Feminism needs to include women of colour, Muslim women, disabled women, sex workers, trans women, gay women, queer women, fat women, skinny women. It needs to cater to all women. The fact that the term ‘intersectional feminism’ exists proves that the general movement is often exclusive and largely white. Mainstream, western feminism isn’t always intersectional. There are feminists who often don’t realise or can’t relate to the fact that for women of colour, of different faiths, abilities, it’s not just gender that they’re discriminated on. Such women are affected by these circumstances professionally, socially and mentally, and yet don’t always receive the ...

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Why are Iranian women protesting against the hijab now?

Religious freedom has been a pipe dream for years now, especially for women, who are subjected to male dominants in this society. A major portion of the woman population has embraced this situation as a norm and continues to cultivate it within the minds of their young girls as well, others, however, have not. They have strived and fought for basic rights, such as education, health, the right to vote and the liberty to go out unaccompanied. While the tide of feminism and many socialist organisations have washed part of the misogyny that exists in numerous societies, there is still ...

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My hidden miscarriage left me broken and alone – while he moved on, happily

I waited too long to write this story. Allow me to introduce myself. First-generation South Asian Muslim, daughter of two hard-working parents who just wanted to provide the best life for their children. Born and raised in New York, it was confusing and difficult to balance ethnic culture with western culture, on top of balancing my faith in Islam. Even more importantly, it was difficult trying to establish myself as an opinionated woman in the very patriarchal culture, founded both in the western and South Asian culture. I was 15 when I first met him. Two years older, tall, smart, same ...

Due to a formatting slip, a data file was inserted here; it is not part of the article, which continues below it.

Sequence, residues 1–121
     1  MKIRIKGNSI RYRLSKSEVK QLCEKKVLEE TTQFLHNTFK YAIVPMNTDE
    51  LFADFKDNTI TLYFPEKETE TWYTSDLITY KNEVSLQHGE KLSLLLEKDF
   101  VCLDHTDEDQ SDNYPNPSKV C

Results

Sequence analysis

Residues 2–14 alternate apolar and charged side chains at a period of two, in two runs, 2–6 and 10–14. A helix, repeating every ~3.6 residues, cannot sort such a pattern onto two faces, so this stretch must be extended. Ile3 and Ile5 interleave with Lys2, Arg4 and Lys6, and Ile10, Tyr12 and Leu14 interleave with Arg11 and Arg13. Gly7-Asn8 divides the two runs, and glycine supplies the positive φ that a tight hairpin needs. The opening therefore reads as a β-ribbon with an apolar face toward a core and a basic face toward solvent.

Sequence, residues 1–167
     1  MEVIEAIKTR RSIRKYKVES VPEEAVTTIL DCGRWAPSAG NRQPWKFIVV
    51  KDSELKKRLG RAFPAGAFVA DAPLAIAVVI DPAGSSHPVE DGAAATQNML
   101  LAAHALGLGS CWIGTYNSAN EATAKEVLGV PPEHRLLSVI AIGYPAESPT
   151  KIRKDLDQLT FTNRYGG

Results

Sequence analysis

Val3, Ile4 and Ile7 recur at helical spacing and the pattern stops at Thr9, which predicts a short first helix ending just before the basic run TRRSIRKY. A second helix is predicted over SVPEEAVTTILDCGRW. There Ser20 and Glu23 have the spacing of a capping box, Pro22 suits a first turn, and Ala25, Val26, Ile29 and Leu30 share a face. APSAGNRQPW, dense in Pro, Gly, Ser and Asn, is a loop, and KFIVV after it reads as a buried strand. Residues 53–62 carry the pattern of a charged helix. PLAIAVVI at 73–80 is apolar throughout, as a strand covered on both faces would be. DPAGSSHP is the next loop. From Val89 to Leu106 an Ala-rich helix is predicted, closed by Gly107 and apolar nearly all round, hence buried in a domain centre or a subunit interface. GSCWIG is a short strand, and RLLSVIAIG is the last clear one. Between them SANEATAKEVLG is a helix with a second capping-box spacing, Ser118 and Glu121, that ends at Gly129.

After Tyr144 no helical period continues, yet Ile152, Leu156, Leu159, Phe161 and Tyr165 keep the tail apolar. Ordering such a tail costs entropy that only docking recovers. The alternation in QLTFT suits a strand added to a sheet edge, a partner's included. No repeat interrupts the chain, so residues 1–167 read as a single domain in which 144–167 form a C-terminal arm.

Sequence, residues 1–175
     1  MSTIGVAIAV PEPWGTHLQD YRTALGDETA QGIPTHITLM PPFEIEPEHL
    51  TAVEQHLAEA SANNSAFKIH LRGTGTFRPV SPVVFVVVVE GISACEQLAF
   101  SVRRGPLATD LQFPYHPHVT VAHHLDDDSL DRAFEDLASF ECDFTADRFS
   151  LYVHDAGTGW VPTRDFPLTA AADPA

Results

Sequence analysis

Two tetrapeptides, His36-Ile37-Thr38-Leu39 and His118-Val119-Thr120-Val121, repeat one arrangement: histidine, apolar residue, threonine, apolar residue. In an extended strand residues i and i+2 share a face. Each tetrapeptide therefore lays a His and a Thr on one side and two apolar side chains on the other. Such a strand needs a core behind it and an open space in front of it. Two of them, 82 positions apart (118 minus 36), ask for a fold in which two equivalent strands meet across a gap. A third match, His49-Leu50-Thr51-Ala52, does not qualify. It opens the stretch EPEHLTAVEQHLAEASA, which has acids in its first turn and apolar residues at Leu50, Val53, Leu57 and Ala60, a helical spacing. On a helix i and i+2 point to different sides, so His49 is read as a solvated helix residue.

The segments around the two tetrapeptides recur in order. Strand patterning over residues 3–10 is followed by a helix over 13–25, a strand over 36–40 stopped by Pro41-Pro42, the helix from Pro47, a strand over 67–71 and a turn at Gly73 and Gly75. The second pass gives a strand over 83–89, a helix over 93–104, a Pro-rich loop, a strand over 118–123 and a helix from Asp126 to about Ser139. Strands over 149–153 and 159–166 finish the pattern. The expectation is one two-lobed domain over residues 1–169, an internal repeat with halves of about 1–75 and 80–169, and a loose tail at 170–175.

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Benazir Bhutto can wear western attire at Oxford and be praised for her achievements, but Malala Yousafzai can’t?

One can often witness how wearing hijab becomes an obstacle for women here in Pakistan. Be it at work, school or university, you will always be judged and scrutinised for everything you do. However, I have always wondered how a piece of fabric covering one’s head can depict an individual’s personality, to an extent that people believe it gives them the right to judge you for each and everything you say, do or wear. Recently, I came across the news of Malala Yousafzai getting admission into Oxford University and later being ‘spotted’ wearing a pair of jeans and a shirt with a dupatta covering her head. To my surprise, instead of being happy for her admission into one ...

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Rounding up the usual suspects in Casablanca

Morocco – a country filled with diverse culture, memorable sights, sounds, and a remarkable cuisine. There are so many things that make this country stand out in my eyes. The divine bed and breakfast boutique hotels known as ‘riads’, the beautiful resorts, and the list goes on. My trip lasted a total of ten days, and started in Casablanca, followed by Marrakech and Fes. “Mystical” is the one word that describes my trip to Morocco the most. As I walked down the streets, I felt everything was alive around me. The atmosphere was thriving, and the energy was inexplicable. Women were ...